When most students graduate law school they likely do not envision a life as a museum curator. Mary Elliott ’99 was no exception.
Elliott told Frost Illustrated that when she was first approached to apply for a job at the new Smithsonian National Museum of African-American History and Culture, she initially scoffed at the idea.
“I was so deep into doing my own research..." Elliott said, further recognizing that her law degree and license to practice law in Maryland might have easily led her down an entirely different path.
Eventually, Elliott, who has a lengthy, background in researching and presenting African American history and culture, decided to take on the position of Museum Specialist at the Smithsonian’s National Museum of African American History and Culture. She helped research, conceptualize and design the “Slavery and Freedom” inaugural exhibition. She also contributed to the exhibition script, consulted with expert scholars, and identified and secured collection donations including the antebellum slave cabin that will be featured in the museum.
As the September 24 grand opening of the museum approaches, Elliott told the NNPA Newswire what is going through her mind.
“I think about family, relatives, ancestors, those I knew personally and those before them,” Elliott said. “I think about my church family and my community and I get so full, because I cannot wait for people to see the museum not just as a building, but to hear people say about our history that, ‘I never looked at it that way, wow,’ and to have them think a little differently about their approach to American history and understanding the African American experience.”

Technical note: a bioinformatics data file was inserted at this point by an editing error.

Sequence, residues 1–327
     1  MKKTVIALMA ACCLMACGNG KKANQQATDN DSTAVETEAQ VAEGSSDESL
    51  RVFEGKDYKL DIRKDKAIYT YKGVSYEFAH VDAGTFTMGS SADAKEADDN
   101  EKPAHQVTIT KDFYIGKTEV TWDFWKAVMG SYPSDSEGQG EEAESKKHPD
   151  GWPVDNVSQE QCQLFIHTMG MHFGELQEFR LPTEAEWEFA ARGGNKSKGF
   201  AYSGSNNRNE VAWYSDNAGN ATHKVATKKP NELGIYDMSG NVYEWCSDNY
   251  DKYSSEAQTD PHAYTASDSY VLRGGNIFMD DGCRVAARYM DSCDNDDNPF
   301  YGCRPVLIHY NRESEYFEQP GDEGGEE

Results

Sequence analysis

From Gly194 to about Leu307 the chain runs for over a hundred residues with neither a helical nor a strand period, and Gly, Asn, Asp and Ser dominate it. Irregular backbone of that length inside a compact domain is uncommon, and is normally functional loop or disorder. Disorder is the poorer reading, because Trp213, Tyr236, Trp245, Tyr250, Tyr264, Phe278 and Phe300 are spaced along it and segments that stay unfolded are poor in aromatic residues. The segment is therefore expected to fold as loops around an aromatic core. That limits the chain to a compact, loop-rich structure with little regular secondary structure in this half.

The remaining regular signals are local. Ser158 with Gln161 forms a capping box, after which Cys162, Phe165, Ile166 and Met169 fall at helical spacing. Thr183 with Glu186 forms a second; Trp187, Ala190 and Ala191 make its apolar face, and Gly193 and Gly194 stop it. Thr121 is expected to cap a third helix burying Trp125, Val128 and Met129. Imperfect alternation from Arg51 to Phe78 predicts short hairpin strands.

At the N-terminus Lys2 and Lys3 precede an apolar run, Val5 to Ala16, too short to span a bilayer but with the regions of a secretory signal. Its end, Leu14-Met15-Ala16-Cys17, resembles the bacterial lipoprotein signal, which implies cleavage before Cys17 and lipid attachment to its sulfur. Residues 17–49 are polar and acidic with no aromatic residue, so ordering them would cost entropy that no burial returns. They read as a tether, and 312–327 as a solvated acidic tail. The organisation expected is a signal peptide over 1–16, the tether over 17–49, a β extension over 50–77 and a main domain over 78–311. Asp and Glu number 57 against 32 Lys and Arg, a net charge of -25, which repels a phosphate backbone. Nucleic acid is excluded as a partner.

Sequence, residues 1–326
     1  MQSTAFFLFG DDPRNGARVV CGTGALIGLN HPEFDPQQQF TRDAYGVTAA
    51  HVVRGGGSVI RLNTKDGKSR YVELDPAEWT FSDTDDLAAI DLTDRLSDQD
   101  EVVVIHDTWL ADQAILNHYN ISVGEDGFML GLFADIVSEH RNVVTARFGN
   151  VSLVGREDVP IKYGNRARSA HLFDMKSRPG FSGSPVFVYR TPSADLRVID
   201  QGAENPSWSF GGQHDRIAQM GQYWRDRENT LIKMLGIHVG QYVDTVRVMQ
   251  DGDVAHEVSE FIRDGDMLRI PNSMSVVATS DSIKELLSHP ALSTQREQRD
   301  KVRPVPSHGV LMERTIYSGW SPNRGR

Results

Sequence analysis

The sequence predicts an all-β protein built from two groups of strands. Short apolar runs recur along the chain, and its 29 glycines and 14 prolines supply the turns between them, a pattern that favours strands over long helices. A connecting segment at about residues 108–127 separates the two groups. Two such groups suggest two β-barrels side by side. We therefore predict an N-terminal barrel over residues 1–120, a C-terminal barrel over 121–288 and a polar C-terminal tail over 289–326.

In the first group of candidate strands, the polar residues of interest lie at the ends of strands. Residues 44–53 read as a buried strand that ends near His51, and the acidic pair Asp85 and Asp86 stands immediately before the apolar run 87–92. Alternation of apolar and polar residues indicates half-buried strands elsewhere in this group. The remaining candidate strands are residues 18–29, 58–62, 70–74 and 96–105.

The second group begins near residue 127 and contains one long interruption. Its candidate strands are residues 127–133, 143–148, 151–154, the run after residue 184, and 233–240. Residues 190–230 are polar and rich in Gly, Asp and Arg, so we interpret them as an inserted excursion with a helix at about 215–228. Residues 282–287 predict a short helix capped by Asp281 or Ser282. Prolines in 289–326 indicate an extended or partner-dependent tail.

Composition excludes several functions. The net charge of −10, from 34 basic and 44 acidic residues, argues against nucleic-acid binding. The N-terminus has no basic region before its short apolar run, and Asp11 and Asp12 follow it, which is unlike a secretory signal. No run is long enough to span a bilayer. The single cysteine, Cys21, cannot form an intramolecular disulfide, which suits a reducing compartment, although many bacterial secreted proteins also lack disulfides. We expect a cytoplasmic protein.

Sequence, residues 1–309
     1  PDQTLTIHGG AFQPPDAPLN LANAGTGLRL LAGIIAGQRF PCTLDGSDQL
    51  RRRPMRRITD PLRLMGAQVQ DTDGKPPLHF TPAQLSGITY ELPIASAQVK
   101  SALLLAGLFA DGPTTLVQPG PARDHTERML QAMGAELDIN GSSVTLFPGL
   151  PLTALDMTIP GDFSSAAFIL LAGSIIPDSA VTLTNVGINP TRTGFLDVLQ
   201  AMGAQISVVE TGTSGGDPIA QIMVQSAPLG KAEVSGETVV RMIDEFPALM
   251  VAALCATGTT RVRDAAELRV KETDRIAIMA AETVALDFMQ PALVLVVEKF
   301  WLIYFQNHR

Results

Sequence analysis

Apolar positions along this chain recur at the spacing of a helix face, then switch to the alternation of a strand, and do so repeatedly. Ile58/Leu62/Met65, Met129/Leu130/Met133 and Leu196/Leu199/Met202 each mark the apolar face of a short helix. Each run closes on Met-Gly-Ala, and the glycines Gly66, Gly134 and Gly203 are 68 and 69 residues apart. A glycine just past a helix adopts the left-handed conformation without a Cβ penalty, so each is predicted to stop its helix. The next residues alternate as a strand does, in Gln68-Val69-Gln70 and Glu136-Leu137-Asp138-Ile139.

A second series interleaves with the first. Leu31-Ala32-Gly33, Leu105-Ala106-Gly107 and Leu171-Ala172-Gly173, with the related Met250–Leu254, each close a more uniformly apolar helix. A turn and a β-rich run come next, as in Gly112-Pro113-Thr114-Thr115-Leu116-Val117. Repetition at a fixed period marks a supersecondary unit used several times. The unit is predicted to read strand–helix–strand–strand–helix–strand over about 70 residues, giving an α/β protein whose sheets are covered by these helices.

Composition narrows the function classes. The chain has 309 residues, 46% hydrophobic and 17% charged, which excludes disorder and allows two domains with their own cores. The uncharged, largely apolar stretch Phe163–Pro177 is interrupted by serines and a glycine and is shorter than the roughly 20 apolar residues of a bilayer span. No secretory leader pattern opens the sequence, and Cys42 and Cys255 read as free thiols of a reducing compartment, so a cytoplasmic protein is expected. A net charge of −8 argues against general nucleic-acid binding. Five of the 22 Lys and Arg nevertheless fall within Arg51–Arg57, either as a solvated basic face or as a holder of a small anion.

“We don’t hold back on violence during the period of slavery,” Elliott said. “People will see how this ebbs and flows and that this violence [today] is nothing new and to understand it in a historical concept to wrestle with how to end it… and to also understand that African Americans are Americans who have contributed to the development of this nation.”
Elliott has over twenty years of experience in researching and presenting African American history and culture. Her personal research focuses on African Americans from antebellum slavery through the Jim Crow Era, with a specific concentration on migration and community development. Her research has taken her to Virginia, South Carolina, Louisiana, Mississippi, and Oklahoma, covering subject matter including slavery and freedom in America, Reconstruction, the all-Black towns of Oklahoma and the National Negro Business League.